From the other side of the typewriter comes this piece–not a poem–an essay with enjambment. For those who want to try the process of getting a poem, wanting to discover something new, but stuck on choosing a word, this is for you.
You are not choosing curtains or a partner or a job–just a word. Words are easily obtained and transformed.
I suggest beginning with a noun.
Ruffle. Shoelace. Pearl. Elbow.
Or a verb. Verbs are a bit tricky alone,
but they do bring me in on a curious slant.
Waver. Step. Rustle. Disappear.
A noun with a verb attached creates a hinge of movement.
Jawbone snap. Toe juggle. Balloon drift. Word stumble.
Adverbs can be clunky.
Curiously. Unknowingly. Intentionally. Hastily.
Even when converted into an adjective…it’s tricky,
but not impossible, to conjure up tangible imagery for a poem.
Proper nouns live in their own realities and I cannot mimic that reality unless I’m a part of it. Unless the backstory is easily accessible and relatable, I can’t write a poem about your grandson Joe’s birthday based on “grandson Joe’s 2nd birthday” alone. Does Joe have any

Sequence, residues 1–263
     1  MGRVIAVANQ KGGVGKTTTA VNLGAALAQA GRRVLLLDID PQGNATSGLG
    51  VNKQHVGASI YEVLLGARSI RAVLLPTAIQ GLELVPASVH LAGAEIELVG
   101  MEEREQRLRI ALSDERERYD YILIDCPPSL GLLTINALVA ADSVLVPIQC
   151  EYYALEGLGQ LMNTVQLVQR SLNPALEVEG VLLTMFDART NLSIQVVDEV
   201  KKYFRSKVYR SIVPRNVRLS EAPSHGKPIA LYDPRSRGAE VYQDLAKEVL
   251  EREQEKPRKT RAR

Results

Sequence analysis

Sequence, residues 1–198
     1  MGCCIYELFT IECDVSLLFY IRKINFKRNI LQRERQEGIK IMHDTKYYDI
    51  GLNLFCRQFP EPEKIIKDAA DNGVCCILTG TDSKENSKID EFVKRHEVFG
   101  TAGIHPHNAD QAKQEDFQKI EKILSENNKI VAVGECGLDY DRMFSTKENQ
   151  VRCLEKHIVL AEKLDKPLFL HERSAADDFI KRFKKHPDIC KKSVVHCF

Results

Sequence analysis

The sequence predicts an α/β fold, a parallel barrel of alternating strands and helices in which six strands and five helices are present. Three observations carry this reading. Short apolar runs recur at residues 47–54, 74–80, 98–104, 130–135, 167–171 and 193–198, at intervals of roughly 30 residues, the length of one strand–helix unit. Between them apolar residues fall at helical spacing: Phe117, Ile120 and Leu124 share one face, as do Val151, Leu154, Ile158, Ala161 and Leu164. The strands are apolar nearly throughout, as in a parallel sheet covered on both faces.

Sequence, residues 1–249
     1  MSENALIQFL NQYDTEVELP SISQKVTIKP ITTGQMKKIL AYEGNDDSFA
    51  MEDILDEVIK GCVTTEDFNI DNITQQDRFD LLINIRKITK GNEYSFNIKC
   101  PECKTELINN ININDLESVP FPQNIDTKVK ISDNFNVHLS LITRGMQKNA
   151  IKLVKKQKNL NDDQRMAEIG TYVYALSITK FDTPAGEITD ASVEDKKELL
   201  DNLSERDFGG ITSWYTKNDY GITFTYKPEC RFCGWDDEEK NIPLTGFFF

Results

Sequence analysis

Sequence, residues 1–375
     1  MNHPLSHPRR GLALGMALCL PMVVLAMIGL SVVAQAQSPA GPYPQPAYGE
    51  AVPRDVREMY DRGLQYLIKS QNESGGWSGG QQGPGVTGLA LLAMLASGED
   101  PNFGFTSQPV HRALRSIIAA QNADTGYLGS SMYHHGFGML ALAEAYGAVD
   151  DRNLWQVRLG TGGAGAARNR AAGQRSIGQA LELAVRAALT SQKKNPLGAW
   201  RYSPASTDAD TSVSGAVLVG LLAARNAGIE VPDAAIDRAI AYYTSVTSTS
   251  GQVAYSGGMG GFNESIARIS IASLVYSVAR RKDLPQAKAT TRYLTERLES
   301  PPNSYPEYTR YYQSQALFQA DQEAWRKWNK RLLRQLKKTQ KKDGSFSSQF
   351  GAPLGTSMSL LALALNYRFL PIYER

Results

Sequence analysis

favorite things to share—stomping in mud,
warm oatmeal, first words?
If you don’t know, perhaps a poem isn’t the right gift for him.
If you have a message in mind for someone special, no one can say it like you can; I promise and I believe in you.
Abstract nouns are okay
as long as you don’t have expectations
for where they may lead.
Mystery. Effervescence. Escape.
Creative works do not make good topics for poems–
(prove me wrong with your work but I can’t prove it with mine)
to write a poem about your favorite TV show
or your inside joke
is like writing a poem about another poem,
or a movie about a movie, or your memoir hijacked by someone else’s life story (maybe that’s an extreme example).
Let the creation live in its original form,
or through your own craft.
Adjectives can be tricky, but fun. (Can you guess what word I would choose?)
Delicate. Moss green. Sweet. Glossy.
Numbers allow lots of artistic freedom…the lower they go.
My typewriter, like most old typewriters, has no “1”
and no mind.
Oct. 10, 2014
Coming Soon: A flowchart, more straightforward…